We suggest that you talk to your healthcare provider – they are the ones who know your specific situation best.
        They never have correct information either, health insurance, any kind, gets someone no where. The technology is out there, the people are out there that could. But it just doesn’t happen. Nothing happens but more brain damage and more disfunction. … How is disfunction spelled incorrectly spell check? Does it need a hyphen oh no its a y where the I be dysfunction. How about this to start why not in every medical office, facility and hospital haven’t be a questionaire do you feel you have brain damage and medical documentation stating so. Then tally it up and see just how real if a problem it is. And a second questionaire that is a fill in asks What do you think you would have contributed to society by now since your injuries had you have global functioning restored by half of what you did have?
        I’m upset enough to voice this, why care of being polite if others are so impolite by forcing inclusion and exclusion upon people that do have damage, such as my self. Why is it that I had to be pulled this way for in my life after injury. It has done nothing but make matters worse.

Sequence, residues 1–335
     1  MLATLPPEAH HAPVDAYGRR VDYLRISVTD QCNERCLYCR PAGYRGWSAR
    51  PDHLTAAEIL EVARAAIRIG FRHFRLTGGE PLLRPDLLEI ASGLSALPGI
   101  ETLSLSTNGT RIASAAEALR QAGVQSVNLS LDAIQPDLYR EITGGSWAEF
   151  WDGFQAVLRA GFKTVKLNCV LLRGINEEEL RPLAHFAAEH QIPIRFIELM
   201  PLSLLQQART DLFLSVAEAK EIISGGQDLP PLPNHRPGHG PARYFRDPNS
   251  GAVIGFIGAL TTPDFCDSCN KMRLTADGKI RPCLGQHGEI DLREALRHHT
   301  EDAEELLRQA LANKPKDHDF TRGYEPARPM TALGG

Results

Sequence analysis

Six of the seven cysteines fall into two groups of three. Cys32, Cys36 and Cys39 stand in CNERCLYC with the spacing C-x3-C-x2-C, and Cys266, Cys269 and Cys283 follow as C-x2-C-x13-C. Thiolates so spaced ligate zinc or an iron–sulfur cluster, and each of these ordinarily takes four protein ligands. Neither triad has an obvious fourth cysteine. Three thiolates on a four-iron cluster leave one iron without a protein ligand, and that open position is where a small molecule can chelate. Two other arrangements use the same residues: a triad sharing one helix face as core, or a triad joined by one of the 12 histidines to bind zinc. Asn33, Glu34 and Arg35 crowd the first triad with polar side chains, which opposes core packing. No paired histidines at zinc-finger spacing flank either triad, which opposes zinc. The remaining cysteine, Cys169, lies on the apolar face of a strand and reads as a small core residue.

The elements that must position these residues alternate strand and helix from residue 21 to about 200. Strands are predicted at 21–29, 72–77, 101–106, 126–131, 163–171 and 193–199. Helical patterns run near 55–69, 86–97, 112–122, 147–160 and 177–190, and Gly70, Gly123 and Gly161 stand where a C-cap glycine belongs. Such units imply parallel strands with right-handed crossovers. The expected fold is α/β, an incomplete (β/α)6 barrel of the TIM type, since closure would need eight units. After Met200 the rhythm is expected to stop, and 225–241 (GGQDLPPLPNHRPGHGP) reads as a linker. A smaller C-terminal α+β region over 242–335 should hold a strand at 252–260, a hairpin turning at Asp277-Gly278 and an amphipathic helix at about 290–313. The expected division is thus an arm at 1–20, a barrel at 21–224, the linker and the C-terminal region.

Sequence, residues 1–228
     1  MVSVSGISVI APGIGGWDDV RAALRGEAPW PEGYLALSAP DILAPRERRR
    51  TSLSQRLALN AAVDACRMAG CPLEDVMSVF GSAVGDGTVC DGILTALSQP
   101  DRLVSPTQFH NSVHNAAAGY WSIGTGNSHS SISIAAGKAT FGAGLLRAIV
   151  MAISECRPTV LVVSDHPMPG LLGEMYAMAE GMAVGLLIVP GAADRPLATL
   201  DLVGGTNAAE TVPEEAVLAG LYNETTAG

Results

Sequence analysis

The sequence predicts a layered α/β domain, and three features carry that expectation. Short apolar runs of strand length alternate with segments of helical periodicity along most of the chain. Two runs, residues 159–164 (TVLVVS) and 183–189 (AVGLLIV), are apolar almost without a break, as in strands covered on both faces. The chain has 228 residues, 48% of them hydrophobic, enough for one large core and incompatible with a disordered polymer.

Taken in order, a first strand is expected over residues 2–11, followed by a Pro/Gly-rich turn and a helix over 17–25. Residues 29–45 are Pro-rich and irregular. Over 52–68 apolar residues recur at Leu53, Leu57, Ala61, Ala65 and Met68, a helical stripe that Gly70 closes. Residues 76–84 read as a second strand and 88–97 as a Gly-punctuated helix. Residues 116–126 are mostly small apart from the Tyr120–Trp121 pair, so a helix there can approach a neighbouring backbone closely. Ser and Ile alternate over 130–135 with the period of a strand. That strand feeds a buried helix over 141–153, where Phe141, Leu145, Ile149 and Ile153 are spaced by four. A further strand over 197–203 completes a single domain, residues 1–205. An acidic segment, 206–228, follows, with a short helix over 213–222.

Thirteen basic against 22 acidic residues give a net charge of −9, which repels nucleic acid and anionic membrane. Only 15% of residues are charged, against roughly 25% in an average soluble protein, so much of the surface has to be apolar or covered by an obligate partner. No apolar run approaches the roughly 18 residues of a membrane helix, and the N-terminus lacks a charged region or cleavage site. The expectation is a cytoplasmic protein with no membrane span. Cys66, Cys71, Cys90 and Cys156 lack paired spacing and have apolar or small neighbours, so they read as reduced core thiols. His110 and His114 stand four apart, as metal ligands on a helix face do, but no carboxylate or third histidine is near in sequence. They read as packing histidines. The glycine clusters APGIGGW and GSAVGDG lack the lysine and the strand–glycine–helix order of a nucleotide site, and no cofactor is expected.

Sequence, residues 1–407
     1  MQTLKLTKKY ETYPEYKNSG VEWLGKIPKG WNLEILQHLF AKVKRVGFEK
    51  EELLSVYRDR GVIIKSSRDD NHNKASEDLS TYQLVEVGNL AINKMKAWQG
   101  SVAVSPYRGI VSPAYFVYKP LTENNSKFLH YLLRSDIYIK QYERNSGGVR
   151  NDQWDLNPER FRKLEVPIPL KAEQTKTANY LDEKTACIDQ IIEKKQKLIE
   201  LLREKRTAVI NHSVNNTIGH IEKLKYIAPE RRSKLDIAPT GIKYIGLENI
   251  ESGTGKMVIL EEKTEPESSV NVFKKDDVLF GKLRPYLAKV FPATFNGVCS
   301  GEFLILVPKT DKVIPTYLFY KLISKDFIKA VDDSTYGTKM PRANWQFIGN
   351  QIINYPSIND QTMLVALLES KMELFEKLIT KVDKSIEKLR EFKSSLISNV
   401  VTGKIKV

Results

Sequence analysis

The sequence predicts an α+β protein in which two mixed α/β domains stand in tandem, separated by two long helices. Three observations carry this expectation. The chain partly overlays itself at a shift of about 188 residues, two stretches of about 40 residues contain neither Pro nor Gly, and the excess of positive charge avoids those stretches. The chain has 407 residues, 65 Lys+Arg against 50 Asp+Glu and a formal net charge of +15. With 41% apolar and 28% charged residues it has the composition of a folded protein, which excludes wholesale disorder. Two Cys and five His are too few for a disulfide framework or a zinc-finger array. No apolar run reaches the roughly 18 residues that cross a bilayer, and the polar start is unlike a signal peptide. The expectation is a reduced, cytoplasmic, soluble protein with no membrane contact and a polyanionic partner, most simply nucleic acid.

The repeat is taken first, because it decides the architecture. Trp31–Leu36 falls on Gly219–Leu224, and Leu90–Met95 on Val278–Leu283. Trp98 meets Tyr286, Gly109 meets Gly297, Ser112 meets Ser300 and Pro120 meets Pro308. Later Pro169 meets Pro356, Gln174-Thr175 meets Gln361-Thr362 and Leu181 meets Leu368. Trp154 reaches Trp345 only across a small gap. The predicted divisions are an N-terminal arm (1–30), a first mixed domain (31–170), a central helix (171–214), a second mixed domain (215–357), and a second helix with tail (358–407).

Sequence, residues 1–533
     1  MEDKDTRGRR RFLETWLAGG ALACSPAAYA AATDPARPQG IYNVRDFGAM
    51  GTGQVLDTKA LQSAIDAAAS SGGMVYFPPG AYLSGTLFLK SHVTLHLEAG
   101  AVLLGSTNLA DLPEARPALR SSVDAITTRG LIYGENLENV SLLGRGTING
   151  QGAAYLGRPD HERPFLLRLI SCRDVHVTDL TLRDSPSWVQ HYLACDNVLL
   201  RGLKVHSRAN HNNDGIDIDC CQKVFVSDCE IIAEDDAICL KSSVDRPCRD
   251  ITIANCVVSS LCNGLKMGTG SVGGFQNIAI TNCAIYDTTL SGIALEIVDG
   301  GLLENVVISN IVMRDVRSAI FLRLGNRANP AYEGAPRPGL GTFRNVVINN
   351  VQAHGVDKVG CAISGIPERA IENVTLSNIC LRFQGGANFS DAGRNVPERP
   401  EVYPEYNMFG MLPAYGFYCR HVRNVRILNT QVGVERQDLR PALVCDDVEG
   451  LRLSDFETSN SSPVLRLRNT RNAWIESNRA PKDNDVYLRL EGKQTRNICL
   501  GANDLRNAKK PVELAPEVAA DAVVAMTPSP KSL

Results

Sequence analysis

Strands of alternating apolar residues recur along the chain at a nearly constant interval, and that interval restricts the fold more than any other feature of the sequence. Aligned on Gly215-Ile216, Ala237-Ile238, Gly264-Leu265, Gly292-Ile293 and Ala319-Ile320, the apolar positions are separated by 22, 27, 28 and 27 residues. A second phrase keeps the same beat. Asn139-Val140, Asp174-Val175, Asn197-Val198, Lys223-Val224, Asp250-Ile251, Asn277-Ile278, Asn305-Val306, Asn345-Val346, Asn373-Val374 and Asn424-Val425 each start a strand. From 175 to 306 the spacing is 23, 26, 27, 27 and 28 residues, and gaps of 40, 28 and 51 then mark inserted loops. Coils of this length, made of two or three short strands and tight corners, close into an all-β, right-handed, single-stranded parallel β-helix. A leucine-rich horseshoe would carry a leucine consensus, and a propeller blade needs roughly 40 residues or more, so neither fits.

• Constant Therapy

          Hello, thank you again for commenting and sharing your perspective. Your words are very powerful, and it is clear that you have faced significant challenges due to the current healthcare system structure and its actions (and lack thereof). At Constant Therapy, we strongly believe that stroke and TBI survivors deserve access to high-quality, comprehensive care that helps them achieve their own goals on their own terms. It is people like you who inspire us to keep innovating and finding better ways to make that a reality. If you have other ideas about how we could better advocate for stroke and TBI survivors, please send us an email at We greatly appreciate your input.

  2. Clark Pearson

    Thank you for your help! I appreciate your articles, and I will work more time on my iPad, and I hope I get a new iPad, with my old iPad

  3. Morgan Hannon

    Dear Sir/Madam,

    I would like to thank you for the informative emails that always give me details about my injury. The last email that I received has let me know that I am working in the right direction. I hope that my brain health will be much more improved next year.

    I hope that you all have a nice day and stay safe.

    Kindest regards,
    Morgan. (In Ireland)

  4. Kay Seares

    As the wife of a stroke victim I’ve found your article very interesting and helpful. Thank you.

  5. dickykiprop

    as I youngman of a left brain damage thankyou.

    • Constant Therapy

      We’re glad this article felt helpful to you. We wish you well in your recovery.

  6. jean

    Thank you for any help – What I would like to know more about is where is all the evidence and the ways we can implement the knowledge every Neuro Scientist boasts of—-AKA BRAIN PLASTICITY and all the reports of how new connections can be made in the brain.